Developing the capability to do on-orbit transfer of cryogens is no more difficult for NASA now than developing rendezvous capabilities was for NASA back in the 60s. If they’re going to be blowing a 100 Billion dollars on going back to the moon, they sure as heck ought to at least put $200-500M into trying to make sure it’s done right. If NASA insists on doing things exactly the same as Apollo did it, then why the heck do they deserve to get the same amount of money up front? Do you really think that wasting $15B on uncertain technology development projects for the two new launches is really money better spent than trying to demonstrate on-orbit refueling so you don’t need new launchers?
[D]oes Jon suggest that using five or nine or whatever number of EELVs is going to be cheaper than using two larger launch vehicles?
Heck. Yes. Does Mark Whittington suggest that with the $15B development costs, and $3B+ per year fixed cost that somehow NASA’s launchers will be cheaper? Seriously, for the amount they want to design and field the Stick and the Longfellow, they could buy 60 Delta IVH flights, 150 Atlas V flights, or nearly 540 (!) Falcon IX flights (if those become available). How on earth is NASA going to be cheaper, unless you ignore the $15B development cost and the $3B/year fixed costs?
Not to mention the cost of man rating the launchers, which I’m told is very expensive and very time consumning.
Ah, the man rating red herring. All you need for man-rating above and beyond what is already needed for a commercial launch on a Delta or Atlas is a reliable abort system and a way for detecting when it needs to be initiated. The Stick already requires the former anyway, and the latter really isn’t that expensive or difficult. Most of the required sensors are probably already there. Sure, it might require a half dozen engineers a few months to work out the rest of the details, but we’re not talking about anything on the same scale as a $15B vehicle development program.
For comparison, DC-X and DC-XA had all the require sensors that would be needed for “man-rating” a EELV (in fact what they had was probably overkill) and DAQ for much much less than $100M in non-recurring engineering costs, and probably less than $5M in per unit recurring costs.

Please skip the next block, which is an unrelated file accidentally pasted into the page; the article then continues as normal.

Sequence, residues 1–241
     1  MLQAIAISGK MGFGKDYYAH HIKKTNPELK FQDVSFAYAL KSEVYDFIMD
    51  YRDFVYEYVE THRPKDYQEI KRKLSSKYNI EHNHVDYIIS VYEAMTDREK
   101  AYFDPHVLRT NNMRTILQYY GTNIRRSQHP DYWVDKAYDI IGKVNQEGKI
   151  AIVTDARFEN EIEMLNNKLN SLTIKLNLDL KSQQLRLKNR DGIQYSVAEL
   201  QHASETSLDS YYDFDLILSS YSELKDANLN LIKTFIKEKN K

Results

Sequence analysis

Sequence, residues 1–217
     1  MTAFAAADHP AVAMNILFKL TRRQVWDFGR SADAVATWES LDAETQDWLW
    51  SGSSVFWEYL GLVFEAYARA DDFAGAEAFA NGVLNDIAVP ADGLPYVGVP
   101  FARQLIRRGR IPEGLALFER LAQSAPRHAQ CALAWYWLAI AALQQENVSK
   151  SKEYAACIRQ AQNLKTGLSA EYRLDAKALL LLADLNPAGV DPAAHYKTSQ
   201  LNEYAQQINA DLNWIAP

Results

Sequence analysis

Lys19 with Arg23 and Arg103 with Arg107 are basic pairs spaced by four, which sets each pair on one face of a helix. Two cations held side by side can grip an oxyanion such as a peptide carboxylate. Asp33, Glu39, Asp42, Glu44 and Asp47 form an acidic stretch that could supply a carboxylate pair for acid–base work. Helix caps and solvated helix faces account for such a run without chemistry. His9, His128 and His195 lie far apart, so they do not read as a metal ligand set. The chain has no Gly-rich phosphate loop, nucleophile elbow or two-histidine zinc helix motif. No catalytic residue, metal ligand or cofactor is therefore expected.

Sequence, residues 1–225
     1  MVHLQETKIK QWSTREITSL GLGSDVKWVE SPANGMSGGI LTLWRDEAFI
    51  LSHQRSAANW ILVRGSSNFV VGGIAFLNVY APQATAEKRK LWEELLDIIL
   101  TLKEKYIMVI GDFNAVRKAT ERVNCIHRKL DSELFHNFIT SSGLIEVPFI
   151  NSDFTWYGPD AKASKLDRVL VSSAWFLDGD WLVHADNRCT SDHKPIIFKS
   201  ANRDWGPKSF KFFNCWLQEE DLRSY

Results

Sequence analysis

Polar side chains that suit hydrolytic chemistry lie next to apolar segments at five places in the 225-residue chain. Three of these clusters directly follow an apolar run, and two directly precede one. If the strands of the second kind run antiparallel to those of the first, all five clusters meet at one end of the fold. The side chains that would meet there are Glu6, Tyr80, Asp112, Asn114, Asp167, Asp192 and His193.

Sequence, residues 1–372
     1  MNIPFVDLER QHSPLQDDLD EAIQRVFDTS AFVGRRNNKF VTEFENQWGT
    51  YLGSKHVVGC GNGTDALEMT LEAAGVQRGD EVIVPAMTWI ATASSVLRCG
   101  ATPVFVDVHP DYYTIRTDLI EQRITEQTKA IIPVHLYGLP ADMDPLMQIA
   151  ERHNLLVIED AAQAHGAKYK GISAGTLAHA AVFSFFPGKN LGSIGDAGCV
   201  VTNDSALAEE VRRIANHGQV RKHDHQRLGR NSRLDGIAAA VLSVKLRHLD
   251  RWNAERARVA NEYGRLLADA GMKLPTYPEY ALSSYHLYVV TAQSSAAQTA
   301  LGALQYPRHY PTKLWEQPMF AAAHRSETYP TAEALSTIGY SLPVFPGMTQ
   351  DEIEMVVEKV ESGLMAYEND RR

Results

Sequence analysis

Heck, even Mike Griffin himself knew this argument was a load of crap as is evident from his quote on the Space Review that I quoted here previously:
In other testimony, Griffin has made it clear that he is not opposed to using EELV vehicles effectively unmodified from their current versions to launch crewed vehicles. In a May 2003 hearing by the House Science Committee’s space subcommittee on NASA’s Orbital Space Plane (OSP) program—a short-lived effort to develop a manned spacecraft that was superseded by the CEV—Griffin noted that the term “man rating” dated back to efforts in the 1950s and 1960s to modify ICBMs to carry capsules. “This involved a number of factors such as pogo suppression, structural stiffening, and other details not particularly germane to today’s expendable vehicles. The concept of ‘man rating’ in this sense is, I believe, no longer very relevant.”
The Atlas 5 and Delta 4 EELVs, he noted, have a specified design reliability of 98 percent, in line with experience with the premier expendable vehicles to date. If such a vehicle was used to launch a crewed spacecraft equipped with an escape system of just 90 percent reliability, he noted, the combined system would have a 1-in-500 chance of a fatal accident, “substantially better than for the Shuttle.”
In other words, this whole “we’d have to man-rate them and that would be so expensive” bit is just a rash of bull, especially compared to the expense of developing two new launch vehicles. It’s the same sort of jiggering of the requirements to force the results you want that I pointed out in one of my recent posts. If they were willing to use off-the shelf commercial launchers (which are far safer and more reliable than the converted ICBMs that NASA used for Mercury and Gemini), they could get them man-rated for a rather marginal extra cost, probably round-off error compared to the current cost per flight, let alone compared to a $15B new vehicle development.
But since there are no launch vehicles in existence or likely to be in existence in the near future that will meet NASA’s requirements, then–sadly–returning to the Moon, at least initally, has to be done the old fashioned way.
No it doesn’t have to be done the NASA way. There is a better way, but NASA doesn’t want to do it that way because if would force NASA to actually change, to actually show some backbone. NASA doesn’t have to give in to all the whining porkbarrel politics. If they came up with a clear vision that was cost effective and promoted commerce, they could get enough supporters in Congress to get it passed. They didn’t even try. That’s sad.
Latest posts by Jonathan Goff (see all)
- On Avoiding Some of the Mistakes of Apollo - July 21, 2019
- SBIR Proposaling Advice - March 8, 2019
- FISO Telecon Lecture on LEO Propellant Depots for Interplanetary Smallsat Launch - November 28, 2018